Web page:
# Regression with “unidirectional” noise

I would like to estimate the parameters of a simple linear function and a gamma-distributed noise term from data. (Note: This is a follow-up question of https://stats.stackexchange.com/questions/88676/regression-with-unidirectional-noise, but simplified and more implementation-specific). Say I have my observed data generated as follows:

``````import numpy as np
np.random.seed(0)

size = 200
true_intercept = 1
true_slope = 2

# Generate observed data
x_ = np.linspace(0, 1, size)
true_regression_line = true_intercept + true_slope * x_  # y = a + b*x
noise_ = np.random.gamma(shape=1.0, scale=1.0, size=size)
y_ = true_regression_line + noise_
``````

which looks as follows:

I tried estimating these parameters using pymc as follows:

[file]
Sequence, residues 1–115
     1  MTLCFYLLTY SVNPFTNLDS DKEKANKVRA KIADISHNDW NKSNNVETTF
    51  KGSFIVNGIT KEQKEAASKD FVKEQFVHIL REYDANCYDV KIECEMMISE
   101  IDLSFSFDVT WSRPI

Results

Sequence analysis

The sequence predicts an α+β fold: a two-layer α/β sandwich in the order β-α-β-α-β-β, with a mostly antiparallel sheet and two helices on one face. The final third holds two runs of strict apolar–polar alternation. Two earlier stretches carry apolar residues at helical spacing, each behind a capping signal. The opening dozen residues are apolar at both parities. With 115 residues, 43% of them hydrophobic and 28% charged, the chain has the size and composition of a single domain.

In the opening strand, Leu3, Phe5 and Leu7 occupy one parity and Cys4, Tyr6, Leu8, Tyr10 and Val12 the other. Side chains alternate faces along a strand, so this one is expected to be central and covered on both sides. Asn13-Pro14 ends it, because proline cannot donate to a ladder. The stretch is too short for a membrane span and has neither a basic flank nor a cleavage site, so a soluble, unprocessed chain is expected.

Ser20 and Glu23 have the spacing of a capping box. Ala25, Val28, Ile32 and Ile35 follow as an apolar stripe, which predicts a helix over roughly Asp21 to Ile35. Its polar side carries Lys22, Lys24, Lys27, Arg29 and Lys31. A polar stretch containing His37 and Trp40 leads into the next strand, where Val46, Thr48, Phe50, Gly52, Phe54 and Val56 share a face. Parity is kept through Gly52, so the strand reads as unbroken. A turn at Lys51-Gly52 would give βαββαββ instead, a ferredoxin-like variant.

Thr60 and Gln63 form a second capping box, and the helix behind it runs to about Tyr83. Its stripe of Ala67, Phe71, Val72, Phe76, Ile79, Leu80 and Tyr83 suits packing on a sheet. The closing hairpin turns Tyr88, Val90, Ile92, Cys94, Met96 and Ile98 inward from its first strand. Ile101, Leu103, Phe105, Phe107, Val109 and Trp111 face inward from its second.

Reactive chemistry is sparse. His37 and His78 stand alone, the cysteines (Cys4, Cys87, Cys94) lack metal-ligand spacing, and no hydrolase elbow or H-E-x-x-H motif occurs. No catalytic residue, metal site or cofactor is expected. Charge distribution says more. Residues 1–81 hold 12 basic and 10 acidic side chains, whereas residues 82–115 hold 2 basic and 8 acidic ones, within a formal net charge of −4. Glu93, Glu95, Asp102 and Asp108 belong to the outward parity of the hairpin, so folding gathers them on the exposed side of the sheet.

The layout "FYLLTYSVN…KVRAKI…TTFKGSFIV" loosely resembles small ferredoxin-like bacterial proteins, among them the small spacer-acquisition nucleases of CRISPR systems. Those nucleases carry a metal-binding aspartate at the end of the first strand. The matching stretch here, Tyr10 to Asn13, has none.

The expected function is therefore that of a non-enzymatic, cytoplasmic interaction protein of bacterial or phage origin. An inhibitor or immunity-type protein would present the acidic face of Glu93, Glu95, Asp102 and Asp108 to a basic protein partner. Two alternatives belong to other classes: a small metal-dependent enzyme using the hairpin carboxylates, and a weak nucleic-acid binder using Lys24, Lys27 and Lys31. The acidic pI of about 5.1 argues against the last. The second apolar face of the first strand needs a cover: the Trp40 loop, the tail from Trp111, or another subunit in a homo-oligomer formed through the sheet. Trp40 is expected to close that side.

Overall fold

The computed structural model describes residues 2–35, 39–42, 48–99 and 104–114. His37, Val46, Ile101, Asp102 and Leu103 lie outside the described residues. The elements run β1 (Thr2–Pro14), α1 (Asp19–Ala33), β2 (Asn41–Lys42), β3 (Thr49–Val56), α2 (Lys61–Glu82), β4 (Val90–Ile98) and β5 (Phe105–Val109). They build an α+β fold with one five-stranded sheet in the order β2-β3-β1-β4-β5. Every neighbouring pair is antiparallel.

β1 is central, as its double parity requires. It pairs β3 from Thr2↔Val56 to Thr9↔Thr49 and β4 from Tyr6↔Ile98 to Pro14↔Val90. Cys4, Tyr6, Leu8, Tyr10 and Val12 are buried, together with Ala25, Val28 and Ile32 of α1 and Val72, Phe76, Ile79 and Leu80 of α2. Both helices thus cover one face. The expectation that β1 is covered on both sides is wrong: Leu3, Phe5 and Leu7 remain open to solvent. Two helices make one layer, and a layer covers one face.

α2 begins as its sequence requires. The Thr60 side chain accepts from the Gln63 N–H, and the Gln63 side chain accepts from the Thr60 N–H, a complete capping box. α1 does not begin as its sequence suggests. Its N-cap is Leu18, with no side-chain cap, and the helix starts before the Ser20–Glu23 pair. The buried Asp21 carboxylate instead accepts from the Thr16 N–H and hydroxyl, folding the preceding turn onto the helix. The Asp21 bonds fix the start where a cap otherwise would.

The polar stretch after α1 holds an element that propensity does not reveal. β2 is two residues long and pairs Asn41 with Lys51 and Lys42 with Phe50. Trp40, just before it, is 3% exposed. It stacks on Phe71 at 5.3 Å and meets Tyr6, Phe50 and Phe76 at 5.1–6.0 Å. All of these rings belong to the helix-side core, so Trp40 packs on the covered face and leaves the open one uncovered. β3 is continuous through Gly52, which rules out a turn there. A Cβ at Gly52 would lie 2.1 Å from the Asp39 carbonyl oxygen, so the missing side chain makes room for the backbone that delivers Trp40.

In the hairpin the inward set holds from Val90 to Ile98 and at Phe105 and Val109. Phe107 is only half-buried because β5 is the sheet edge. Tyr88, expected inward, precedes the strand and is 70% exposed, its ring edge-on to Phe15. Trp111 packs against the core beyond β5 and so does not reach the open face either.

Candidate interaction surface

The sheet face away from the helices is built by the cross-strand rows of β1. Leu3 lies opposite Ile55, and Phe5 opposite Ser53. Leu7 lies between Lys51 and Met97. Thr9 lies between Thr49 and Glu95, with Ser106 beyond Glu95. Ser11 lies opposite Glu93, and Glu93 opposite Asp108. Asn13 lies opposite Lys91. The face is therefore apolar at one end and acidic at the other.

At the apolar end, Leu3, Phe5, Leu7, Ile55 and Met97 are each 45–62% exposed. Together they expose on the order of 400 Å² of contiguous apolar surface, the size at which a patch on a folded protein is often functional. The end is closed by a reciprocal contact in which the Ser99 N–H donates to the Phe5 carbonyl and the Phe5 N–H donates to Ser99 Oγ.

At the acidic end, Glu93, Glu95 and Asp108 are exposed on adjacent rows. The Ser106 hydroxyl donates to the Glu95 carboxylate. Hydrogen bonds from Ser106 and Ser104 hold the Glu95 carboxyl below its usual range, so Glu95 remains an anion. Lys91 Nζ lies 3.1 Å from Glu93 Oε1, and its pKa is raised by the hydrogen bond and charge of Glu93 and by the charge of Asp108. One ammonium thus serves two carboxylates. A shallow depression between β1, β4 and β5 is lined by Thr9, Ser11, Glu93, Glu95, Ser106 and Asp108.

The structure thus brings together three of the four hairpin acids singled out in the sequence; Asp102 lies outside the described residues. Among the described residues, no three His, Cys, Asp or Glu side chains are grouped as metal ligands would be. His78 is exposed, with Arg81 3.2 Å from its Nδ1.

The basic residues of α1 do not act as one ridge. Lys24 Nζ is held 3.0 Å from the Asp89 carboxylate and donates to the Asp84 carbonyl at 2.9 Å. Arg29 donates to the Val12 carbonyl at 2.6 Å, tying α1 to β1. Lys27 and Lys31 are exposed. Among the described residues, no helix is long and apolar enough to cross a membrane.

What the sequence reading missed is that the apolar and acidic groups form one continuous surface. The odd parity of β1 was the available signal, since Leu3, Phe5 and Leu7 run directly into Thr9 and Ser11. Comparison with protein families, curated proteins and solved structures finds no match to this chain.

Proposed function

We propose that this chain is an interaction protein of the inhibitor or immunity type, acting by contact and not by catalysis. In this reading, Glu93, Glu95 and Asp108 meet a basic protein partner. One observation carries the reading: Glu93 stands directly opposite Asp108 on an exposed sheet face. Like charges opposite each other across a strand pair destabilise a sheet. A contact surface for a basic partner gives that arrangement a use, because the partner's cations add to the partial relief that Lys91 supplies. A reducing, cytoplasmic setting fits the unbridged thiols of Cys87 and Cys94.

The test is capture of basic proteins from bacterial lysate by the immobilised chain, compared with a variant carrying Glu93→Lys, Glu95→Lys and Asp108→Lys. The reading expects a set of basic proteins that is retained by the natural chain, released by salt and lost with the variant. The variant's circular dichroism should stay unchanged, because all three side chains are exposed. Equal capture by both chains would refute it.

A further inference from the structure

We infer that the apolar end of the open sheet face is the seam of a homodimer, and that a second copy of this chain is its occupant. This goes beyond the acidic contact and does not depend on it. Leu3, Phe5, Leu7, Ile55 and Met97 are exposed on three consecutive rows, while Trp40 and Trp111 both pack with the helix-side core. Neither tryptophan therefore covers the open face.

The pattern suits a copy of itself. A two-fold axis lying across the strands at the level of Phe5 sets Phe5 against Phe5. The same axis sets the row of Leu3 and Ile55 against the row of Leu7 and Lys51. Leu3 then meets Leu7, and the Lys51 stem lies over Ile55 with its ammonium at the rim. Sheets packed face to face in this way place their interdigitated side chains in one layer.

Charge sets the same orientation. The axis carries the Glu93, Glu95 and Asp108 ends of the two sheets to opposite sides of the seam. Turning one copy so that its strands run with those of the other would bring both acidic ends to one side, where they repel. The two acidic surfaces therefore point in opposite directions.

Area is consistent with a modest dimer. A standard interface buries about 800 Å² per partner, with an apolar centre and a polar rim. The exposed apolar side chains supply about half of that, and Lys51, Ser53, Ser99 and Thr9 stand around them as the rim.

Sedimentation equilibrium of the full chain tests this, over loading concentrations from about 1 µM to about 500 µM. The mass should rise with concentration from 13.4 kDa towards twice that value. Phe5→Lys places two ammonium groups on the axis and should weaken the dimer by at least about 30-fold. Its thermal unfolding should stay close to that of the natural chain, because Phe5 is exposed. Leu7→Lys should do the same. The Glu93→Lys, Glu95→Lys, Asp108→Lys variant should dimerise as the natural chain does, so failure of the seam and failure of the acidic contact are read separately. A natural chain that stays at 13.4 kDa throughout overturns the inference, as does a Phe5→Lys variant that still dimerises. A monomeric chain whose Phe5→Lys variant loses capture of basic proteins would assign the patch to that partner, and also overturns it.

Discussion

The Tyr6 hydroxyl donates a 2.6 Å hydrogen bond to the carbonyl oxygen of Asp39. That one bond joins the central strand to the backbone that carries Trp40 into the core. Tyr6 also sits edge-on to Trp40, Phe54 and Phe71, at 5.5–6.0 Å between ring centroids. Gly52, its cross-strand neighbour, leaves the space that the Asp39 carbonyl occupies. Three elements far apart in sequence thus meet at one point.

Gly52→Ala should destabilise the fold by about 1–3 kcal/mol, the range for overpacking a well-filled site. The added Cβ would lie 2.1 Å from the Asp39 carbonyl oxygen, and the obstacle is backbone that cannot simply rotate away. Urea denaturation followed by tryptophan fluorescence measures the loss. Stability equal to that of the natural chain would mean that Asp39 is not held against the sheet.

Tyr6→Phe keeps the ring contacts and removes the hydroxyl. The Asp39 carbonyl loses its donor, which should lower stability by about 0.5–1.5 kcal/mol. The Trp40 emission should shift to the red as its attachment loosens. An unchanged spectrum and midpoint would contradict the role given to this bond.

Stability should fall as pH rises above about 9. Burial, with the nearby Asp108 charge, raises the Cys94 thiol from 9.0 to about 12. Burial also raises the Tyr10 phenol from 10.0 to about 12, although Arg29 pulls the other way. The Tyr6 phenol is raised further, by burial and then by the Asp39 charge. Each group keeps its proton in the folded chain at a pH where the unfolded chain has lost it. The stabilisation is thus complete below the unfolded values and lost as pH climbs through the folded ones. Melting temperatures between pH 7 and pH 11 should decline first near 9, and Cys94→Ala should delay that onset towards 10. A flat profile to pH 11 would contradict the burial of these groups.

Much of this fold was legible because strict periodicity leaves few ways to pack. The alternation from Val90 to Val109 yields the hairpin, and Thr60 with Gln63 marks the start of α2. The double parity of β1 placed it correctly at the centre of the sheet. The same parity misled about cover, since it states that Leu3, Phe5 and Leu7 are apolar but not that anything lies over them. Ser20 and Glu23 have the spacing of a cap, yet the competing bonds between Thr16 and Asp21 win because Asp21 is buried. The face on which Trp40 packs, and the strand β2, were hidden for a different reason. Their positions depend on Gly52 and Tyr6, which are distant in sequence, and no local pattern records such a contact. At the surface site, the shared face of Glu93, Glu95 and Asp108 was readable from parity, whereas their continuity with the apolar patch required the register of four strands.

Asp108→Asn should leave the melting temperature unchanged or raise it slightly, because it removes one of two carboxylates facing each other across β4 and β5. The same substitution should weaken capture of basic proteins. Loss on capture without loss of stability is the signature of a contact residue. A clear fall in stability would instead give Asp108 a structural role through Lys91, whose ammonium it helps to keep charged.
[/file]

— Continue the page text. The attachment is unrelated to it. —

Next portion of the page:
``````from pymc import Normal, Gamma, Uniform, Model, MAP
# Define priors
intercept = Normal('intercept', 0, tau=0.1)
slope = Normal('slope', 0, tau=0.1)
alpha = Uniform('alpha', 0, 2)
beta = Uniform('beta', 0, 2)
noise = Gamma('noise', alpha=alpha, beta=beta, size=size)

# Give likelihood > 0 to models where the regression line becomes larger than
# any of the datapoint
y = Normal('y', mu=intercept + slope * x_ + noise, tau=100,
observed=True, value=y_)

# Perform MAP fit of model
model = Model([alpha, beta, intercept, slope, noise])
map_ = MAP(model)
map_.fit()
``````

However, this gives me estimates that are far off the true values:

• Intercept: True: 1.000, Estimated: 3.281
• Slope: True: 2.000, Estimated: -3.400

Am I doing something wrongly?

-
I figured out that it's mainly a problem of the optimizers used in MAP.fit(). –  frisbee Mar 6 '14 at 14:20